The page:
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Innovating a new cultivar in partnership with the Australian sweetpotato industry: agronomic adaptation issues

journal contribution
posted on 06.12.2017, 00:00 by C Henderson, S Dennien, R Langenbaker, E Coleman, M Prichard, Philip BrownPhilip Brown, Talitha BestTalitha Best, A Villordon
Australian sweetpotato production has grown remarkably (1700%) in the last 16 years. Growers currently market 75000 t per annum, worth $80-90 million at farm gate. Gold-fleshed dessert types dominate (90% of total production), almost exclusively cultivar 'Beauregard', bred at Louisiana State University Agricultural Center (LSU AgCenter) in the USA. Australian sweetpotato growers desire alternative cultivars, to reduce risks associated with relying on one genotype. They also wish to expand demand, by offering diverse products. Recent research identified 'Evangeline', another LSU AgCenter cultivar, as an alternate gold sweetpotato possessing attributes desired by consumers (regular, smooth shape; highly coloured skin and flesh). In experimental and grower evaluations across key Australian growing regions in Queensland and New South Wales, 'Evangeline' produced marketable yields similar to 'Beauregard'. 'Evangeline' had a high proportion of premium small-medium sweetpotatoes. In sandy locations, 'Evangeline' also demonstrated superior root-knot nematode resistance to 'Beauregard'. However, compared to 'Beauregard', 'Evangeline' had greater risks of splitting, or over-purple skin colouration, at harvest, particularly when dug in Winter/Spring. Initial evidence suggested splitting was more common with increased fertiliser nitrogen inputs. Split roots or off-specification colours are unmarketable; the associated risks are currently substantial impediments to adoption of 'Evangeline' by Australian sweetpotato growers. Scientists from Agri-Science Queensland and Central Queensland University are currently partnering with Australian Sweetpotato Growers (Inc.) to develop strategies for maximising performance and mitigating risks of growing 'Evangeline' in Australian conditions. This will enhance industry profitability and resilience; improve understanding of sweetpotato physiology; and increase diversity and quality of sweetpotato products available to consumers.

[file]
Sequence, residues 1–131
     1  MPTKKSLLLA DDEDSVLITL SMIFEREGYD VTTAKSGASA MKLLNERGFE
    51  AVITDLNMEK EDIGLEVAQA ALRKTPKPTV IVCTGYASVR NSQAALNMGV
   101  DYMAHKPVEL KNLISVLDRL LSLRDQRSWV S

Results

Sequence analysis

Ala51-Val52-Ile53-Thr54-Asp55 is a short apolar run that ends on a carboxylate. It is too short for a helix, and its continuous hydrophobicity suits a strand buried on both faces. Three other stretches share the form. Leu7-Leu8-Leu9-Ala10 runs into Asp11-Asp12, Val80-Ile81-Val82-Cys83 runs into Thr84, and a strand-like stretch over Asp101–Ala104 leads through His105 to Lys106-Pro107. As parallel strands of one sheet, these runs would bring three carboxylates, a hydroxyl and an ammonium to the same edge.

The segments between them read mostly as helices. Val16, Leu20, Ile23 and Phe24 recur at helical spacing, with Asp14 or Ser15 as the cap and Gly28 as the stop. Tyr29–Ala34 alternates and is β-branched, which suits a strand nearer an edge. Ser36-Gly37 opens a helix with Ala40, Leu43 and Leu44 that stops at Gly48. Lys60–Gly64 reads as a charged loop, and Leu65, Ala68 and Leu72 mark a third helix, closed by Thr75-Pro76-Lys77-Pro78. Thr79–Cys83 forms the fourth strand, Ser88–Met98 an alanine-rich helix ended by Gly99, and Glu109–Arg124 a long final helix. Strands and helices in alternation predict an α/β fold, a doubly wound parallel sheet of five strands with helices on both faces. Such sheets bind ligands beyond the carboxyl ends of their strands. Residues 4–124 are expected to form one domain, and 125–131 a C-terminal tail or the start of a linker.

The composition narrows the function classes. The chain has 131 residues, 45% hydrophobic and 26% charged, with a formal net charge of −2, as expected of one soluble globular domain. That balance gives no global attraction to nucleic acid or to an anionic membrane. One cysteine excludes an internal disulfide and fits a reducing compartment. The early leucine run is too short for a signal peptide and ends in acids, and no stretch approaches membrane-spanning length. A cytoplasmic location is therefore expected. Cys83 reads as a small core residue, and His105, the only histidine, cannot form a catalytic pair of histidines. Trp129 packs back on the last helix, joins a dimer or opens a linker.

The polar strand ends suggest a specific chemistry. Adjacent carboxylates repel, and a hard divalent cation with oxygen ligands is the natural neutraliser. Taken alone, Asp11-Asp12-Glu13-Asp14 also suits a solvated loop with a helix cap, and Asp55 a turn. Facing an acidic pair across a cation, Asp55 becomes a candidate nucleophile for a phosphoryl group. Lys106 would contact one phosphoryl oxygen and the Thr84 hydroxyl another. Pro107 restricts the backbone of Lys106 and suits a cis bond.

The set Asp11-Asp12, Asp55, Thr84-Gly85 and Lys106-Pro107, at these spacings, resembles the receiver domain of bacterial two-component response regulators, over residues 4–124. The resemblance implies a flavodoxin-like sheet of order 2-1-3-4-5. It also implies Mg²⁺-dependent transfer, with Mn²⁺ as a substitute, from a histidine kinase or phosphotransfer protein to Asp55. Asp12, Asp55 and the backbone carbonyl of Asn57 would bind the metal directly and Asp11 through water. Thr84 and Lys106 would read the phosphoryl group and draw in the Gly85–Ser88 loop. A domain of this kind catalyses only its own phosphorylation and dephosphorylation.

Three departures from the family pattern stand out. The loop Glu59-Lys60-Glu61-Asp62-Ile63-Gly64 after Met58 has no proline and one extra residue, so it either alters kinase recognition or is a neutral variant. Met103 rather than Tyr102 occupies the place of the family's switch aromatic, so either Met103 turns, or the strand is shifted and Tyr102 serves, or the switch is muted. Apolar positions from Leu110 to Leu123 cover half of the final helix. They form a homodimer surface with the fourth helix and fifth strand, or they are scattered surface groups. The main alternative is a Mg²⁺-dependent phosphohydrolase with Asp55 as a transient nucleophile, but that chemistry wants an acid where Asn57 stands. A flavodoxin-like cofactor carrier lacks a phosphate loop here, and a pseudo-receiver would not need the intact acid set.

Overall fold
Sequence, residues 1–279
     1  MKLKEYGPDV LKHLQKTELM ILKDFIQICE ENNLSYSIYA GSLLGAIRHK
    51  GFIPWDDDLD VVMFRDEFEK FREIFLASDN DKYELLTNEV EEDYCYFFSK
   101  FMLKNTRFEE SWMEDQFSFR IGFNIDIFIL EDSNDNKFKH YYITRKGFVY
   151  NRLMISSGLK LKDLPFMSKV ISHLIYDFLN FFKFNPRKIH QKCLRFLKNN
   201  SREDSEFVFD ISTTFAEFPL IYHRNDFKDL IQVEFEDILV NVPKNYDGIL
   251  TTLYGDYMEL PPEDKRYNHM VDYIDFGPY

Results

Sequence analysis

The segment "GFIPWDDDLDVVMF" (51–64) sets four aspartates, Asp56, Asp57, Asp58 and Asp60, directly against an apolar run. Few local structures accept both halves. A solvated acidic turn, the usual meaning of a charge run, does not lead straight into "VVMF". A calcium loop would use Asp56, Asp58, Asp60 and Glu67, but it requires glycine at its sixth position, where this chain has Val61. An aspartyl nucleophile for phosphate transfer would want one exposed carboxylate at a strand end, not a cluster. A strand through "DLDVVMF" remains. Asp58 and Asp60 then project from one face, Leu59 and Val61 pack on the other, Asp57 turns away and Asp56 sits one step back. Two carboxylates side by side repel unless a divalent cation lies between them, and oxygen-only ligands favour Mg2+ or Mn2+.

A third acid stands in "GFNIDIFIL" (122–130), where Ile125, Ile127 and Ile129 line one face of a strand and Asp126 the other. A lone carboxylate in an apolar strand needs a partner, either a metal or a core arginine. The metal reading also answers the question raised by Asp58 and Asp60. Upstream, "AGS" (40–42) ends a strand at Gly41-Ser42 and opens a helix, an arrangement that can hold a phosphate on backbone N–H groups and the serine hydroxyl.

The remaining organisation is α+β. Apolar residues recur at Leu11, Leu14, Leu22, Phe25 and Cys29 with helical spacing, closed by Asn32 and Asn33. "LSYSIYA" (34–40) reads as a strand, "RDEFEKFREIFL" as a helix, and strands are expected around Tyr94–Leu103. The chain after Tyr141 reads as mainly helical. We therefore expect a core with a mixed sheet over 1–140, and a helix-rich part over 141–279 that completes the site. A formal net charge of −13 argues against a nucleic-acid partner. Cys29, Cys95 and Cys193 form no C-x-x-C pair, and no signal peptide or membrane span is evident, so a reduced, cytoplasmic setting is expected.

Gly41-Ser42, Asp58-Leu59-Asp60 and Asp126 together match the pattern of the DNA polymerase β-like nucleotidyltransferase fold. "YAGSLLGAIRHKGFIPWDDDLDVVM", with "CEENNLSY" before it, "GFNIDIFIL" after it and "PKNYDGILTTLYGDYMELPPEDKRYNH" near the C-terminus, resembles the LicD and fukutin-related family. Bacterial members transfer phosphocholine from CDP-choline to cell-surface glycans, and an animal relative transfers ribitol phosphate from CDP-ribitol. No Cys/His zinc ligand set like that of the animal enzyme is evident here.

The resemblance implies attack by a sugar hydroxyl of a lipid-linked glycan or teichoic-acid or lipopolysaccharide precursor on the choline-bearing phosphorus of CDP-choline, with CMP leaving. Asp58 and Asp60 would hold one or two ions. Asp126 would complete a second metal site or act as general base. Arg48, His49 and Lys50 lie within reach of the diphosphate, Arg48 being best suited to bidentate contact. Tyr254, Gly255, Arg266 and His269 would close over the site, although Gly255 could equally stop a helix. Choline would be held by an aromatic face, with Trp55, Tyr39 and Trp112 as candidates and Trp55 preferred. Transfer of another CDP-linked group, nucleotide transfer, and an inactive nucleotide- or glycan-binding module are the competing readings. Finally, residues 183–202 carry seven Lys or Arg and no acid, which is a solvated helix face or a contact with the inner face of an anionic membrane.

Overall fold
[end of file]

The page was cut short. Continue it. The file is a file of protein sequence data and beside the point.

Funding

Category 2 - Other Public Sector Grants Category

History

Volume

1118

Start Page

25

End Page

30

Number of Pages

6

eISSN

2406-6168

ISSN

0567-7572

Location

Belgium

Publisher

International Society for Horticultural Science

Language

en-aus

Peer Reviewed

Yes

Open Access

No

External Author Affiliations

Australian Sweetpotato Growers Inc; Department of Agriculture, Fisheries and Forestry; Louisiana State University Agricultural Center; School of Human, Health and Social Sciences (2013- ); School of Medical and Applied Sciences (2013- ); TBA Research Institute;

Era Eligible

Yes

Journal

Acta horticulturae.